Farmer’s cheese (fancily called chevre blanq or queso blanco) is very easy to make with any leftover milk. In the spring/early summer we always have lots of extra milk. If you have milk that you are thinking of throwing away instead make this cheese. We have even made it usually powdered milk. I don’t remember if skim milk will work as the wholer the milk is the more curds you can get. 1 gallon of milk makes just under a pound of cheese.
1. Heat milk to 190 degrees Fahrenheit. Candy thermometer works perfect hanging on the side of the pot.
2. Add something acidic to curdle the milk. Typically we use vinegar or lemon juice. Pour this in very slowly while stirring. Don’t put too much in as then the cheese (as well as the whey) will be sour. The milk will all of a sudden curdle and separate from the whey.
3. Strain the curd out but save the whey. Put a cheesecloth inside a colander to strain.
4. While the cheese is hot, this is the time to add your flavors. My favorite is cinnamon with raisins but you can put any herbs and spices into the cheese and the flavors with get baked it.
5. The longer the cheese drips, the more solid it will get. If you want a soft, spreadable cheese, just put in a container and serve. If you want a harder cheese, either hang up the cheese-cloth above the sink for half an hour or put colander in the fridge on top of a bowl to let drip for as long as you want.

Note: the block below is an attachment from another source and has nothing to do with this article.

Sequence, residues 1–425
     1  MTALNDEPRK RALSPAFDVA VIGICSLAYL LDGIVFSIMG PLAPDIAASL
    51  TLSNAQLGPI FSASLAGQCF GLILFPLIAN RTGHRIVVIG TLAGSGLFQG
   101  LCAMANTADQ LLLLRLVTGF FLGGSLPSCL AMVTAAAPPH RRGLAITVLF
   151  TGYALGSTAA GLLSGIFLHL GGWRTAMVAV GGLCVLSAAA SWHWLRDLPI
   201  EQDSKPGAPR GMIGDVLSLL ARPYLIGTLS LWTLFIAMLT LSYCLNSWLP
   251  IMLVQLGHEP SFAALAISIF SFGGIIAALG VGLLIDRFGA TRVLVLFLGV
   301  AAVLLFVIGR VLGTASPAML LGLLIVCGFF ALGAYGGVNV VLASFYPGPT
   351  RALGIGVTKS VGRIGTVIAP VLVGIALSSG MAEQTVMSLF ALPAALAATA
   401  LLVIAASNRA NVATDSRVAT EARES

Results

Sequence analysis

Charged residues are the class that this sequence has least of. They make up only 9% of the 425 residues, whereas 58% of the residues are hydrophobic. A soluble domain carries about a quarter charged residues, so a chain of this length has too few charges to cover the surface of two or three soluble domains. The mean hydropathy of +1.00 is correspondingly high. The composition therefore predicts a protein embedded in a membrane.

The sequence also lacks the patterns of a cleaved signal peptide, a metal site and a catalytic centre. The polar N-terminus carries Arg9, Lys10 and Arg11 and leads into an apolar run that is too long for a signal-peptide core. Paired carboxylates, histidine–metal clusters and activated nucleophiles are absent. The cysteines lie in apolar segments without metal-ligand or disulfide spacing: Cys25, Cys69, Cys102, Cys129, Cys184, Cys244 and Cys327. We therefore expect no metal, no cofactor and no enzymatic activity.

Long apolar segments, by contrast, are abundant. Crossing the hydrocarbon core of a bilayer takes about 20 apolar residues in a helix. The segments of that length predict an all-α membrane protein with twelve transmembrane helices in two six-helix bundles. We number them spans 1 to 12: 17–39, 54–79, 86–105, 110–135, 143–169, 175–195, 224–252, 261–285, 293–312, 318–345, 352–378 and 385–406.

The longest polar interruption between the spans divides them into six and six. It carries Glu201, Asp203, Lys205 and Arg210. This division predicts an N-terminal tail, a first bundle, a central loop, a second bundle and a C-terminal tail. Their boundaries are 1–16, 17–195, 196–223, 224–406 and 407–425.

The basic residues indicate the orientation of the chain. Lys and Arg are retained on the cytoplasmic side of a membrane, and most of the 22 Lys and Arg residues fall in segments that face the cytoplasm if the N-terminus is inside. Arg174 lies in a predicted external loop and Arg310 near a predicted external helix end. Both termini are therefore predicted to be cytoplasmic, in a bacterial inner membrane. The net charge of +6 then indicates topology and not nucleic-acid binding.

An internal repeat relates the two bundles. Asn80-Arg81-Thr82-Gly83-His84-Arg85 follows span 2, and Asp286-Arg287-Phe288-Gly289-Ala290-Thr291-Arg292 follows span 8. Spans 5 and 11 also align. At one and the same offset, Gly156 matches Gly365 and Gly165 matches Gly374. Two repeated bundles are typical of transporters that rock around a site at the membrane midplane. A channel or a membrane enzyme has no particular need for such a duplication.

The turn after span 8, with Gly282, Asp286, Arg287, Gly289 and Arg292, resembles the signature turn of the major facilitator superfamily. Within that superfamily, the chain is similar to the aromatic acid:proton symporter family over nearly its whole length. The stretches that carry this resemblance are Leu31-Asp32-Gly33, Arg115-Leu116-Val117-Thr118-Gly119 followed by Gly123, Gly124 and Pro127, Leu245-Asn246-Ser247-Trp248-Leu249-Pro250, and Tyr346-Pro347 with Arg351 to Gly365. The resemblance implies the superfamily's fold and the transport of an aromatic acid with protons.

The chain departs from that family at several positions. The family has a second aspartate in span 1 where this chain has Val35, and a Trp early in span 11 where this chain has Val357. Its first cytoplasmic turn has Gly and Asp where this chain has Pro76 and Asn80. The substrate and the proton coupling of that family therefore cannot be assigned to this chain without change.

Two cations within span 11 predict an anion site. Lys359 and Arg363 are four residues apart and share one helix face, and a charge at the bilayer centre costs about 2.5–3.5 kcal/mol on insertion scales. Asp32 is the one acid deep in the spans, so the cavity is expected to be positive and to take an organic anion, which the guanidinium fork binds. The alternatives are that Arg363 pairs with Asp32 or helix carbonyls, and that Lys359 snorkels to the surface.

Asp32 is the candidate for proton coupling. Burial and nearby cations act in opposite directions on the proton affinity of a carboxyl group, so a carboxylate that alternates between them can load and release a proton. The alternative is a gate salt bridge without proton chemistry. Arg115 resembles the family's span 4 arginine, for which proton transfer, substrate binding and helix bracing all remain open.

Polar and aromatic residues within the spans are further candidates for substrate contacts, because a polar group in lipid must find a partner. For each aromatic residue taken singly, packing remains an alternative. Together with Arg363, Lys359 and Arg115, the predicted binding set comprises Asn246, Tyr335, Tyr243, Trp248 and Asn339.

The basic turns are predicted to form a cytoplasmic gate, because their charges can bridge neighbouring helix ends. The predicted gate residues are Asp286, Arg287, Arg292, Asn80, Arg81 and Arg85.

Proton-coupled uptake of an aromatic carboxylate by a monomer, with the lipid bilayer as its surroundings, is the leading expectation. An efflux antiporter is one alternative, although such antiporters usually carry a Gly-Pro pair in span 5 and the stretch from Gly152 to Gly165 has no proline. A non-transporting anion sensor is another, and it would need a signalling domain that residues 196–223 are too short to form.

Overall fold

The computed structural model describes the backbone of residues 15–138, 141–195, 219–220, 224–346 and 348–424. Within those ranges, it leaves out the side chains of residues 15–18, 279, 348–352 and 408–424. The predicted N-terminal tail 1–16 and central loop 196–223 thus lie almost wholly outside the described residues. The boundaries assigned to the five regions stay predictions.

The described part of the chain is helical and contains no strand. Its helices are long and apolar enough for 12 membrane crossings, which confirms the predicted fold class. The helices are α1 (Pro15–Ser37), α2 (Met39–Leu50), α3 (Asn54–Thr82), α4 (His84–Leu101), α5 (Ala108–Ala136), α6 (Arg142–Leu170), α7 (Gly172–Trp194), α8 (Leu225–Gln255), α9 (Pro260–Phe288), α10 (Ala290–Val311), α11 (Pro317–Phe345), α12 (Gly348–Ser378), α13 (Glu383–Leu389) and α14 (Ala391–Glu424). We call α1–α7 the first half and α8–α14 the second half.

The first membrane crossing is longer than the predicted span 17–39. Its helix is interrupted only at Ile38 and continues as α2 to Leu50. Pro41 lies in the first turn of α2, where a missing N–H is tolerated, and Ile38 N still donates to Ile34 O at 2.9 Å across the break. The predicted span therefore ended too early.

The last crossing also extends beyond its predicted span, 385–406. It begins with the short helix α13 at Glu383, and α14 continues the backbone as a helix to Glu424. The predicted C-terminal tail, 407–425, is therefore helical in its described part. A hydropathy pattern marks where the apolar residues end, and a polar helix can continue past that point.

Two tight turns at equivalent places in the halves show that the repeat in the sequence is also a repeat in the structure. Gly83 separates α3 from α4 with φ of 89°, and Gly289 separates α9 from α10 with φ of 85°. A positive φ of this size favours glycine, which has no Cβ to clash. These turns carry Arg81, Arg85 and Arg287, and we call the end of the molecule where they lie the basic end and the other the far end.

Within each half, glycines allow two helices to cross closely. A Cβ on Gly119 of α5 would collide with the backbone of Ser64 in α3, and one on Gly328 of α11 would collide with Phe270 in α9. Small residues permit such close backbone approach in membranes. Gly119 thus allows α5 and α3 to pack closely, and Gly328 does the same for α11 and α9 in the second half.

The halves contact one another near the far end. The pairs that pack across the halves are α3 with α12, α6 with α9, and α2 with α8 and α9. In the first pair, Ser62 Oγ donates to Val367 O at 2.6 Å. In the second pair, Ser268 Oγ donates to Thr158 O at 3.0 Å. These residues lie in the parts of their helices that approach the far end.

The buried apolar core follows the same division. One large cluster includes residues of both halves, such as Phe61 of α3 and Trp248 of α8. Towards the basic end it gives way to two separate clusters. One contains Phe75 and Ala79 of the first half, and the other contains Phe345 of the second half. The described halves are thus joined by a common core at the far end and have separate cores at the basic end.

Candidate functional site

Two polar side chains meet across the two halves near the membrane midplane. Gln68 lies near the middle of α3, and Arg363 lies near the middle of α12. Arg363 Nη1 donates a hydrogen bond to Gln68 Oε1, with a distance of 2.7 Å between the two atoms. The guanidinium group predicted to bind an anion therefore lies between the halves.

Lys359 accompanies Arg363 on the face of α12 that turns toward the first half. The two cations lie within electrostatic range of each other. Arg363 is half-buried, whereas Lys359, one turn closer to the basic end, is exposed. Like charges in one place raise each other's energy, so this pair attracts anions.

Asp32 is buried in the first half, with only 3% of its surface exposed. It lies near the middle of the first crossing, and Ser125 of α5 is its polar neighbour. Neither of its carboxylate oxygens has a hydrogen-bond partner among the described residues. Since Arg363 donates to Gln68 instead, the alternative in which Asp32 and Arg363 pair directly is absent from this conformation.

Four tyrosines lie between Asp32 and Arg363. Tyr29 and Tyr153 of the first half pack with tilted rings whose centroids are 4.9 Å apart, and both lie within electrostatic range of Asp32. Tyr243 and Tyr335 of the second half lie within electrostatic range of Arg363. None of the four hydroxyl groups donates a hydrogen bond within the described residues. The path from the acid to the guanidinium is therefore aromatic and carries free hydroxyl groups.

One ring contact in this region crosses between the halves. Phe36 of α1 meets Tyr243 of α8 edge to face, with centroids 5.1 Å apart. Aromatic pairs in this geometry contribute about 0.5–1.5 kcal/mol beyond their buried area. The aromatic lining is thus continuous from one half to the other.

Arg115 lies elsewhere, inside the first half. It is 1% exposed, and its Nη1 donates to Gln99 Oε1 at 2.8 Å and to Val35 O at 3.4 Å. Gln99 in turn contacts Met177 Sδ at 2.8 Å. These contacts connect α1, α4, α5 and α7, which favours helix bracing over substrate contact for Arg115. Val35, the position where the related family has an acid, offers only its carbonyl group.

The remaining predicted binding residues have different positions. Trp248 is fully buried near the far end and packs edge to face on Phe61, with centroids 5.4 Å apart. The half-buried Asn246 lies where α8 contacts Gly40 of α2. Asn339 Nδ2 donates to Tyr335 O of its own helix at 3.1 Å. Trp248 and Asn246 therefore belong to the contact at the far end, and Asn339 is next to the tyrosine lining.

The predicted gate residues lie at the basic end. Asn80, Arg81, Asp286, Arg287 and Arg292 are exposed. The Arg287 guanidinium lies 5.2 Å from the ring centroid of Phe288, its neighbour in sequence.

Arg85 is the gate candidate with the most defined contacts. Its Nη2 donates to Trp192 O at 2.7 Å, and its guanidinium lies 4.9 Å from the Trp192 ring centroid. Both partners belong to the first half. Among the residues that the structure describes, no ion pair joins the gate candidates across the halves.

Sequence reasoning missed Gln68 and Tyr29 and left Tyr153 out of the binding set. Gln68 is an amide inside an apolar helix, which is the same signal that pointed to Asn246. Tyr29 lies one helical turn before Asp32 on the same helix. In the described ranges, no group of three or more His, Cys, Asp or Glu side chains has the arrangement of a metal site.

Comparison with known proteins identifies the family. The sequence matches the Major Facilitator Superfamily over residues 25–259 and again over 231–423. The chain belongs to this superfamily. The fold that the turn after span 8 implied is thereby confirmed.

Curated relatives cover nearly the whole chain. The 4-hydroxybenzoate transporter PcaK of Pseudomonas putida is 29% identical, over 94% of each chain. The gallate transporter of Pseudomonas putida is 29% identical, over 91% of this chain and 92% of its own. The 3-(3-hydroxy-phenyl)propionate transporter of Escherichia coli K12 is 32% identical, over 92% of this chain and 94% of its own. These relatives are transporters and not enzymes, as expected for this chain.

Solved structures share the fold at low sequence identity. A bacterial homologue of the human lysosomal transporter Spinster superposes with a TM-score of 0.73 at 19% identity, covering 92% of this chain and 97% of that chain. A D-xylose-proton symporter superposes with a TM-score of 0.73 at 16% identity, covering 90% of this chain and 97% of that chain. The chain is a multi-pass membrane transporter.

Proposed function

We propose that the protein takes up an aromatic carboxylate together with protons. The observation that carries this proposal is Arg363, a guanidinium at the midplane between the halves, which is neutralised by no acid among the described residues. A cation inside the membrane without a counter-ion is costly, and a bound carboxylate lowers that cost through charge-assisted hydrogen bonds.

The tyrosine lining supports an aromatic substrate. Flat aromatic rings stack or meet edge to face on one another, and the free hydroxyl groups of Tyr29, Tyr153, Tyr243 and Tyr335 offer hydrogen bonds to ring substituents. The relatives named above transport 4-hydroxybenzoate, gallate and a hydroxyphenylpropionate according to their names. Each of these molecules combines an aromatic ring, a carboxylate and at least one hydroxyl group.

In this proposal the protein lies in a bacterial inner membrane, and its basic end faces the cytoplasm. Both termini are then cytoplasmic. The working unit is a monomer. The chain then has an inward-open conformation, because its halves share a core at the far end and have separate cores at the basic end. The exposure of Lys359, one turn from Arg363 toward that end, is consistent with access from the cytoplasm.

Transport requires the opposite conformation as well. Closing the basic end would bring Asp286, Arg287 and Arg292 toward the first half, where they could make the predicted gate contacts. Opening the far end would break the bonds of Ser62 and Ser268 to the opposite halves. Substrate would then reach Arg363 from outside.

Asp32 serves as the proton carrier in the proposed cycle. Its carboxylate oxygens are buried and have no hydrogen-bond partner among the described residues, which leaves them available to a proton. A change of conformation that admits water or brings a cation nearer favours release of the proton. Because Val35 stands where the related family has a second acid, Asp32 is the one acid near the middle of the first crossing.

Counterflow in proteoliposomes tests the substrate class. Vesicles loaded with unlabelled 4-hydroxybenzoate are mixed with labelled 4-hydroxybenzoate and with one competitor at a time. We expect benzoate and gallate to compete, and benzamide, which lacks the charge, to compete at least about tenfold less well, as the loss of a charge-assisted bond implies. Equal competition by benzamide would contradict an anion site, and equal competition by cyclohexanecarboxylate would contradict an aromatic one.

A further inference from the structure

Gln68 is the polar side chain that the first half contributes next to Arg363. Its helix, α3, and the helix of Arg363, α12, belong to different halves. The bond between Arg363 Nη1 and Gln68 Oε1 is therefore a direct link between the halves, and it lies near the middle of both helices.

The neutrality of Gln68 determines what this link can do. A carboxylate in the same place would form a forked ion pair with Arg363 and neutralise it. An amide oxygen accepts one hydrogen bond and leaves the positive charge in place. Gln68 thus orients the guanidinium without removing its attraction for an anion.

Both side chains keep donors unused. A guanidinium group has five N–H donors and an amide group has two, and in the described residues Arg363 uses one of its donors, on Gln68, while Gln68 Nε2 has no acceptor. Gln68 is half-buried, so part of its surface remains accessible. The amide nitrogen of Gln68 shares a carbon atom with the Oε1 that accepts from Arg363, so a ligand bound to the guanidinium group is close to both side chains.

This cheese can be frozen for later usage.
Aur Beck has lived completely off-grid for over 35 years. He has traveled with his family through 24 states and 14,000 recorded miles by horse-drawn wagon. Aur is a presenter at The Climate Reality Project, a fellow addict at Oil Addicts Anonymous International and a talk show co-host at WDBX Community Radio for Southern Illinois 91.1 FM. Find him on the Living Off Grid, Really!?!? Facebook page, and read all of Aur's MOTHER EARTH NEWS posts here.